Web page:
The particular text for this conference was Luke 24.  As a Biblical scholar I was constantly tempted to work with the technical elements of the text (historical background, grammatical and syntactical clues, the narrative style and construction of the narrative etc.)  However, the intent of this approach is to create a hospitable encounter with the power of the text, and to learn from one's own experiences, and the experiences of others.  This approach takes seriously what I have discussed in two recent books I have written for (see my chapter on Biblical interpretation, spirituality and postmodernism in 'What are we thinking' by Forster and Bentley 2009, and also my chapter in 'What is a good life?' by Bentley, Kretzschmar and van Niekerk 2009).  In both instances I discuss the value of approaching the text with an open recognition that we do so from a particular perspective (this is not only based on theological bias, personal experience, and socialisation, it is also influenced by our needs, our struggles and our desires).

The second, and equally wonderful aspect of the conference was the narrative approach to sharing 'stories of mission'.  I guess there were about 100 or so participants at the conference.  They came from as far as Malawi, Namibia, Zimbabwe and all over South Africa.  The participants shared stories of how mission was being shaped in their context through an openness to what God is doing! This approach speaks of trust in God, rather than merely crafting a mission strategy.  It speaks of harnessing the move of God's spirit by dwelling in the word and seriously dwelling in the world.  These two things go hand in hand.  Scripture and context.

Various inputs were encouraging and inspiring - but perhaps the most remarkable for me were some conversations with old friends (like Prof Klippies Kritzinger (more of a mentor than a personal friend), Dr Breda Ludik (a friend I have known for years in the Helderberg who is doing some incredible work in spirituality), and Prof Pat Keifert (a new friend - I had read some of his works such as 'We are here now' (2006), and most notably 'Welcoming the stranger' (1992). You can find out more about Pat here)

Pat is the founder of the movement for missional Churches.  His theology and approach to being in mission (as a participation in the mission dei (mission of God)) resonates so strongly with my own perspective.  Moreover, he is a stringent and supremely well read Systematic Theologian, so his thoughts are 'tight', clear and orthodox.

Dr Frederick Marais summed up Pat (and the movement's) approach to being in mission as follows - true mission involves a series of conversions:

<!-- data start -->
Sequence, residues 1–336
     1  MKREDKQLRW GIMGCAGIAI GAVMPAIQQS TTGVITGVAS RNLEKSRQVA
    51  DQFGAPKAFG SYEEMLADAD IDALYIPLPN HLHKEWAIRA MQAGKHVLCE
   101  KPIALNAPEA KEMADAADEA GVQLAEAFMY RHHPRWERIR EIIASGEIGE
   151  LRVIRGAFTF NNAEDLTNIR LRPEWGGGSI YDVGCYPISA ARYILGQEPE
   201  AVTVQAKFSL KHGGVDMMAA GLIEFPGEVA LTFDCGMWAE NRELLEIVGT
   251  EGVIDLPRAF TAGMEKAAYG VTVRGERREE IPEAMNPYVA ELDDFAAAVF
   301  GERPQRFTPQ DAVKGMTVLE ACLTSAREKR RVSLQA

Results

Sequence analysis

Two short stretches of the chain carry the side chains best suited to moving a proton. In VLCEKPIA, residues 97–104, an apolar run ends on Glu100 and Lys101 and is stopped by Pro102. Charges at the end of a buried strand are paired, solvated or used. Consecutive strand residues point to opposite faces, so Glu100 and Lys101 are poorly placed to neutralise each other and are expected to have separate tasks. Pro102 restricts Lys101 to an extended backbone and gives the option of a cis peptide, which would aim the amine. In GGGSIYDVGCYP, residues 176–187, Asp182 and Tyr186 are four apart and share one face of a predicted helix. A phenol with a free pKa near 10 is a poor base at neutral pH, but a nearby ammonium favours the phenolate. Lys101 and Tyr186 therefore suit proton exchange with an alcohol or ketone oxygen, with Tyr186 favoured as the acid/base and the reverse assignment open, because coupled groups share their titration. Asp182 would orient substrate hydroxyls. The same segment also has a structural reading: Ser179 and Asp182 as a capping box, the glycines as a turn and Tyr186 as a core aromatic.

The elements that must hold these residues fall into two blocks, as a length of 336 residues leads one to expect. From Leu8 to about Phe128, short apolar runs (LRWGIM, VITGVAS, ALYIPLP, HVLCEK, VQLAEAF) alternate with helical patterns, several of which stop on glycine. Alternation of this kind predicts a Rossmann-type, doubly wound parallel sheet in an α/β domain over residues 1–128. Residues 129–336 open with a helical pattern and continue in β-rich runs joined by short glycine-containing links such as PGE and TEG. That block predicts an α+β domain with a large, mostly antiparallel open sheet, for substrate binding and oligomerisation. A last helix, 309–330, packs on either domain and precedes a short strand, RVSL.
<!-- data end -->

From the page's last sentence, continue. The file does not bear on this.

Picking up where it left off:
1.  From the Church to God.  Ultimately the reason for being and particularly being in ministry and mission is NOT to grow the Church, or perpetuate a structure. True ministry and mission is about a sincere and deep journey with God, along God's way in the world.
2.  From ideas ABOUT God to a journey WITH God!  The thrust of the missional movement is not theology (as such), the greatest value comes not from knowing things ABOUT God, but rather from lovingly and faithfully journeying WITH God (i.e., Knowing God and God's ways and responding lovingly to God's guidance and instruction).  This can lead one among strangers quite quickly!  I came to realise how this is the case for me.  I am minister in a corporate environment, I am a theologian among people who build roads, I am from a liberal theological tradition among persons who hold a much more conservative and literal approach to their faith... However, I am having to find Christ among 'the strangers' and to find friendly strangers with whom to share this journey with God in Christ.

3.  From power to vulnerability. Sadly Mission and ministry are often movements of Power - an imposition of ideas and concepts and structures upon persons in order to shape them in the image of the missioner or minister's theology or tradition (from those who have to those who don't, i.e., this was exemplified by the missionaries to Africa in the 19th century who maintained that they were bringing 'light to the dark continent').  This is not the way of Jesus.  The way of Jesus is to break down power with love.  To enter into a transformative relationship that is sacraficial and servant hearted.  This resonates so strongly with where I currently am!  I have had to give up titles, a pulpit, the right to contribute my thoughts and ideas - in the corporate environment my ministry is measured by my love and service, not my ideas and intelect.  This point breaks down the power of the minister or pastor.  It does away with unhelpfull dichotomies between the ordained and the lay ordained (because as we were reminded, Luther and the reformers accentuated the tradition that Baptism is an ordination to the priesthood of ALL believers!  Every members of the body of Christ is truly a minister in response to their baptism).